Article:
Supreme Court Marriage Equality Ruling Expected Shortly

June 22, 2015
By the end of the month, the Supreme Court is expected to issue a historic ruling on marriage equality. The joint suit – known by the first listed case of the group Obergefell v. Hodges – could establish marriage equality in all fifty states and addresses two questions:
  • Does the Fourteenth Amendment require a state to issue marriage licenses to same-sex couples? And;
  • Does the Fourteenth Amendment require a state to recognize marriages of same-sex couples performed out of state?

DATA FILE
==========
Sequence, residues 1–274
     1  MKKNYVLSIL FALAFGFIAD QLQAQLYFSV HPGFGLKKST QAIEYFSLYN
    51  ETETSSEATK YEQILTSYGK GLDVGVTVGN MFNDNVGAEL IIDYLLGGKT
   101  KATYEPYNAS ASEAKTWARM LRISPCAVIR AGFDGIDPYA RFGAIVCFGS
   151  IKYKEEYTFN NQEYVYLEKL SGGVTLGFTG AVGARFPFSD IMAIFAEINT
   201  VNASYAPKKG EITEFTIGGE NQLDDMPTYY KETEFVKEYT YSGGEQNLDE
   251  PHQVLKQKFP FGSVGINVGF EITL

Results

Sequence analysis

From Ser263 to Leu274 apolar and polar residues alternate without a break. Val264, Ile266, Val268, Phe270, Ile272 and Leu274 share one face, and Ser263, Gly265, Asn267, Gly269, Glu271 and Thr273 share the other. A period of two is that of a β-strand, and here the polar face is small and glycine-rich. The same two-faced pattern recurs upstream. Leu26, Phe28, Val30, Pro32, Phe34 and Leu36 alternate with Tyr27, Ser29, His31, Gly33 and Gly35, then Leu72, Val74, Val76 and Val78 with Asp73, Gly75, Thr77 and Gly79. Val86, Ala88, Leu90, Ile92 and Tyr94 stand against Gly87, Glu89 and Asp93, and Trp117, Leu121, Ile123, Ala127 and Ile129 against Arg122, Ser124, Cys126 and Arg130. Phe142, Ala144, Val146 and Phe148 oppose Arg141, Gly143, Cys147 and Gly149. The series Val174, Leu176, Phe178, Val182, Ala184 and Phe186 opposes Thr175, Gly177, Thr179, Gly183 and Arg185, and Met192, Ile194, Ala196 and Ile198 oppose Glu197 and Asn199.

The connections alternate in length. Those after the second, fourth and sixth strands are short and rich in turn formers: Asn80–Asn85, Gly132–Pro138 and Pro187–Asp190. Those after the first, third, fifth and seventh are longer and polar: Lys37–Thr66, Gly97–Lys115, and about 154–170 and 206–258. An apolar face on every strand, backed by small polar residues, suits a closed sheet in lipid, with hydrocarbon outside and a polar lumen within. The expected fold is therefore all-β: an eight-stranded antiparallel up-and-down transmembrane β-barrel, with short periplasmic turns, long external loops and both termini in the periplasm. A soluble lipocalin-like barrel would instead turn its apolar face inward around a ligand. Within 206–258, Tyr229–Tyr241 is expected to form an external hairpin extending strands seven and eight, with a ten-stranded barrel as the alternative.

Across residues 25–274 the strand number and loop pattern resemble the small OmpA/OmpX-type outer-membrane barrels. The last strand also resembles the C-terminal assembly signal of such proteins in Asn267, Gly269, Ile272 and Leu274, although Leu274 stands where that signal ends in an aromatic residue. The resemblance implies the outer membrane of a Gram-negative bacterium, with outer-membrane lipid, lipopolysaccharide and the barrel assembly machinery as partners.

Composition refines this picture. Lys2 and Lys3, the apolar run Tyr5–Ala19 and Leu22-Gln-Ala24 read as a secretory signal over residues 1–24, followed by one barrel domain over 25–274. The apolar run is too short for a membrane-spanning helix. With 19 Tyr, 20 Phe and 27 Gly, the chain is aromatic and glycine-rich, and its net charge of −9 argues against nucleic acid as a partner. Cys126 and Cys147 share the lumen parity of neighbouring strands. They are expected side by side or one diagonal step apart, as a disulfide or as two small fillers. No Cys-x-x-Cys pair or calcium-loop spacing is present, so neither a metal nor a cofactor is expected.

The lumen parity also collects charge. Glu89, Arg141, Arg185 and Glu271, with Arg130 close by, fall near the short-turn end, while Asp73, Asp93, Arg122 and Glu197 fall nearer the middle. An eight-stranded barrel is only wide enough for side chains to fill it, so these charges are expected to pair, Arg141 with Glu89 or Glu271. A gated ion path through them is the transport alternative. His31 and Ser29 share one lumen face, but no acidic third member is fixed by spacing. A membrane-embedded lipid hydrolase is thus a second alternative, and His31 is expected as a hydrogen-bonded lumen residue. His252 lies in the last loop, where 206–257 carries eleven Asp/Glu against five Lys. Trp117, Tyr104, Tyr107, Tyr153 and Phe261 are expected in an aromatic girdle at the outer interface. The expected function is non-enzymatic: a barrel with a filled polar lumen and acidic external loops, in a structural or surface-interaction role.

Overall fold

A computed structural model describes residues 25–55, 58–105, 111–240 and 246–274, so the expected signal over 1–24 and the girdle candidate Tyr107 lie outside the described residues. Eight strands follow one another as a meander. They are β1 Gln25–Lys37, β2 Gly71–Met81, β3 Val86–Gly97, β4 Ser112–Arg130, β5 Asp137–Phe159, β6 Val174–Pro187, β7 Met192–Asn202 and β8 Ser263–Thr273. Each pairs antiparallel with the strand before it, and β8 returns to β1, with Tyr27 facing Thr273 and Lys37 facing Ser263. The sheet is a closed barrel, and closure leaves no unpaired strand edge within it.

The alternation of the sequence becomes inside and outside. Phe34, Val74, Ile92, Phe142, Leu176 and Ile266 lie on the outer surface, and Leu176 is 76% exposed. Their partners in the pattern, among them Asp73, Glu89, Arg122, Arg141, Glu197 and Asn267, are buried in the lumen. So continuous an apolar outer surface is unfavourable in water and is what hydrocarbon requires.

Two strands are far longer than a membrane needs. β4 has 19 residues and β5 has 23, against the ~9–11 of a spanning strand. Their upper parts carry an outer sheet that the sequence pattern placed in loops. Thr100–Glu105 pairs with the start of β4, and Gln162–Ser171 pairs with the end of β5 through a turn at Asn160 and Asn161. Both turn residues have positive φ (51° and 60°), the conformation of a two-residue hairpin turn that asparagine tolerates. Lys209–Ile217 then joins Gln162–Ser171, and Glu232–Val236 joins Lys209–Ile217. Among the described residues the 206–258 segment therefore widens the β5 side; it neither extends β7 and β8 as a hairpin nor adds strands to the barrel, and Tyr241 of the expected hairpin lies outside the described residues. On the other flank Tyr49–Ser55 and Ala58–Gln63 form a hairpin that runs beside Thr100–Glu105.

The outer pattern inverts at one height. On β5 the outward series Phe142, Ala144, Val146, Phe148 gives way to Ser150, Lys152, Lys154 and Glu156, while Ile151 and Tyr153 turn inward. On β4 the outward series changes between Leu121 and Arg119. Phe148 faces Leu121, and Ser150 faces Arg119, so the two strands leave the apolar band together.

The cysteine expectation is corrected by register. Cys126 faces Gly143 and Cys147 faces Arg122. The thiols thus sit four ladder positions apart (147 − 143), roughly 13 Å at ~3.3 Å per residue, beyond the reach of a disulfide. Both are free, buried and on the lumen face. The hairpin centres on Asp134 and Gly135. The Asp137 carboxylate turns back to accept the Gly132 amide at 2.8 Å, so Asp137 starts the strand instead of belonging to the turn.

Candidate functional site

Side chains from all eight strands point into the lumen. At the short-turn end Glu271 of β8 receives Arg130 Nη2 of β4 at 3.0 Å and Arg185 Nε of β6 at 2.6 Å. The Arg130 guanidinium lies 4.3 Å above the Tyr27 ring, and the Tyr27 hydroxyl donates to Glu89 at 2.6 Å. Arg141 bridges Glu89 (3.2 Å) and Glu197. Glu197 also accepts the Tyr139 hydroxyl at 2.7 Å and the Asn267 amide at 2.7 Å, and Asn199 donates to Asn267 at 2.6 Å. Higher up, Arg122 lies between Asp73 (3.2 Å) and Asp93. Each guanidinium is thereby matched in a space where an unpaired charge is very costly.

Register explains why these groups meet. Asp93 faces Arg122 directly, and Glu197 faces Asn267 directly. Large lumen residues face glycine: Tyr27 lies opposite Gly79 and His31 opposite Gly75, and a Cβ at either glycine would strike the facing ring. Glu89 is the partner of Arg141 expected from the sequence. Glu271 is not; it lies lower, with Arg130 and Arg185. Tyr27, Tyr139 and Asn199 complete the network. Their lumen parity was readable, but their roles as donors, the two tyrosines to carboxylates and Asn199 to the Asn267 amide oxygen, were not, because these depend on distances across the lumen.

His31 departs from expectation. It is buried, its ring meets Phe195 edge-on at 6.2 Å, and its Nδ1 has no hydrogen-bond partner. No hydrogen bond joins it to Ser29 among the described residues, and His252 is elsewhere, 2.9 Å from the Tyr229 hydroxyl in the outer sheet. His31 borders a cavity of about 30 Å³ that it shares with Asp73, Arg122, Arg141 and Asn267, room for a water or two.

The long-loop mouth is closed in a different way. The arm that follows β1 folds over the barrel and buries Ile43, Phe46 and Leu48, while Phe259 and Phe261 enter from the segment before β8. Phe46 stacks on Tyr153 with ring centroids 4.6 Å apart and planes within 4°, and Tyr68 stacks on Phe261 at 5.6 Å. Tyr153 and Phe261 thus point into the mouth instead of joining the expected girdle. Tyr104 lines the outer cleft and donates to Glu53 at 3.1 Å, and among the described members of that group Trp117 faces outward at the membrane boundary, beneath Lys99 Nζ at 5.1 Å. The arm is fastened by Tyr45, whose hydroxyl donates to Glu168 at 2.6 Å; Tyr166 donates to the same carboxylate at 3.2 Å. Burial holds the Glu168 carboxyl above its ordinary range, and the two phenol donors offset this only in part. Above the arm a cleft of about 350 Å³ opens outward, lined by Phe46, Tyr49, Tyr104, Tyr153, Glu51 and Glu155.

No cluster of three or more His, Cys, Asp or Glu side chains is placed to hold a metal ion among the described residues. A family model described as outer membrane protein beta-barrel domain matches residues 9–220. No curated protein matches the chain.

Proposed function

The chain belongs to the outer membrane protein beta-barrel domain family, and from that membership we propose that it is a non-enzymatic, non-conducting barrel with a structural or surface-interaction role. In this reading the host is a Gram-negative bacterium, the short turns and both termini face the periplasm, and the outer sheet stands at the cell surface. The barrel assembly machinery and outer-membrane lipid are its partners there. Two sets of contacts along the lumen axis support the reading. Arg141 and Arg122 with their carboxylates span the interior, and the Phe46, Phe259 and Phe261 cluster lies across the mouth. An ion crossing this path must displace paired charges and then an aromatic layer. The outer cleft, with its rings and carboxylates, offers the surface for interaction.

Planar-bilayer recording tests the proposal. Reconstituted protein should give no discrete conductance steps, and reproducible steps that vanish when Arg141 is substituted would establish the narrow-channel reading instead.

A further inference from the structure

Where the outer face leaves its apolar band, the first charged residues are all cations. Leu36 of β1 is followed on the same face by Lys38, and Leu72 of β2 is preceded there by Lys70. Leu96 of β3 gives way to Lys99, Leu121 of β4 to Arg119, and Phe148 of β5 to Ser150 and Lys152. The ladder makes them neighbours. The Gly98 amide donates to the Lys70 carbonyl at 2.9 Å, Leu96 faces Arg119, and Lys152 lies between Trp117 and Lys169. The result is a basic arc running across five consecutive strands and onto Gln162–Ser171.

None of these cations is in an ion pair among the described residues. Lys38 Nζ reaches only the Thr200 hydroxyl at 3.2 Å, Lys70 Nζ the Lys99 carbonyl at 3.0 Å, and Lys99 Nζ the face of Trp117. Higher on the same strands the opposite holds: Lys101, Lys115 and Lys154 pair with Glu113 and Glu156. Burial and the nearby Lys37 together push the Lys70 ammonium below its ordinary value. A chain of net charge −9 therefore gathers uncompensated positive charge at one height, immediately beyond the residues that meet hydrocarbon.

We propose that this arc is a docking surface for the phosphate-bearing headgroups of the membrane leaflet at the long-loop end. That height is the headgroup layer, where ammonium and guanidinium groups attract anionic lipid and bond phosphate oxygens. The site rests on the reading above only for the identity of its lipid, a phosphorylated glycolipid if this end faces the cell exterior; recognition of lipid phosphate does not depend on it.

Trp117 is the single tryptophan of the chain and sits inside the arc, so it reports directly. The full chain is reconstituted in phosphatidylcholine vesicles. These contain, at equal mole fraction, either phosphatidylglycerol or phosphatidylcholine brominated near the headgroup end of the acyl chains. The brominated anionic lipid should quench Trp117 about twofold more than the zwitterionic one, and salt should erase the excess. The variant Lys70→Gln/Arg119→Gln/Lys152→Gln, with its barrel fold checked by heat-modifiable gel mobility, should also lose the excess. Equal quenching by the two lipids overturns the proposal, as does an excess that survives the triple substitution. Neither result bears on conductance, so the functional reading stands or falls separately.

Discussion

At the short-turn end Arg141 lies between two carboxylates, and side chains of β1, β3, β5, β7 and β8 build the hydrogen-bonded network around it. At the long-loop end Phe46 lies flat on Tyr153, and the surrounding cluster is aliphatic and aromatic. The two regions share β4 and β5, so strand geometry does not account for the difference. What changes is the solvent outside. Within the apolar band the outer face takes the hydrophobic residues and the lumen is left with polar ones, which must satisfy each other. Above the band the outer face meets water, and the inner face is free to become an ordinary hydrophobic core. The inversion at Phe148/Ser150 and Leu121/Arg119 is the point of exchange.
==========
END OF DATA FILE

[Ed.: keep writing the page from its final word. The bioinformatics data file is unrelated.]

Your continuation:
On April 28, the Supreme Court heard oral arguments on the four combined cases relating to marriage equality. Several of the conservative justices questioned the plaintiff’s argument (the party arguing in favor of marriage equality), with Chief Justice Roberts suggesting that the plaintiff’s argument would “redefine” marriage. At the same time, many of the liberal justices questioned the states’ argument that marriage equality bans are not discriminatory, but rather seek to further the role of marriage as encouraging parents to stay married and bonded with their children. Importantly, Justice Kennedy, who is considered the swing vote in this case, also questioned how marriage equality would harm opposite-sex couples and pointed out that same-sex couples can also bond with their children. The Central Conference of American Rabbis and Women of Reform Judaism both joined the Anti-Defamation League’s amicus brief in support of marriage equality. The URJ also joined an amicus brief for faith denominations and faith leaders on the side of the petitioners. Both briefs focus on different aspects of religious freedom in the U.S. Constitution: the brief joined by the CCAR and WRJ argues that same-sex marriage bans violate the Establishment and Equal Protection Clauses (First and Fourteenth Amendments, respectively) because they were enacted with the purpose of imposing a particular religious understanding of marriage as law. The brief that the URJ joined argues that civil marriage equality for same-sex couples will not prejudice religious belief or practice, but rather will prevent one set of religious beliefs from being imposed through civil law. If the Court finds that the fourteenth Amendment requires a state to issue marriage licenses to same-sex couples the second question become moot. However, if they find that marriage equality bans are constitutional, the Court would have to rule on whether states have to recognize marriages of same-sex couples performed out of state. As Jews, we have a moral responsibility to advocate for marriage equality. In 2000, the Central Conference of American Rabbis approved a resolution empowering Reform Rabbis to perform marriages for same-sex couples, and for decades, the Reform Movement has advocated for LGBT rights based on the Jewish value that all human beings, regardless of sexual orientation, are created b’tzelem Elohim, in the image of God (Genesis 1:27), and are therefore deserving of equality and respect. On Thursday, July, 2nd from 12:00-1:30PM ET, the RAC will be hosting an intern event The Morning After: the Supreme Court Term in the Light of Day, which will include a discussion of the ruling in Obergefell v. Hodges, as well as other important court cases from this term. Bring your lunch and we’ll provide dessert!

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